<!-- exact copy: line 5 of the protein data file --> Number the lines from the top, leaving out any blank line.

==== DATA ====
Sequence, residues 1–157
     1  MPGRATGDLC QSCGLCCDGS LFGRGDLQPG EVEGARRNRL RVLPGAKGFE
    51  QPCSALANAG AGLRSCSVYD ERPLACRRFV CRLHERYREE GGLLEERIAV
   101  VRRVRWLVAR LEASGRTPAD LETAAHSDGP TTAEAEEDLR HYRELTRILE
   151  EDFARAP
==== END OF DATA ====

   151  EDFARAP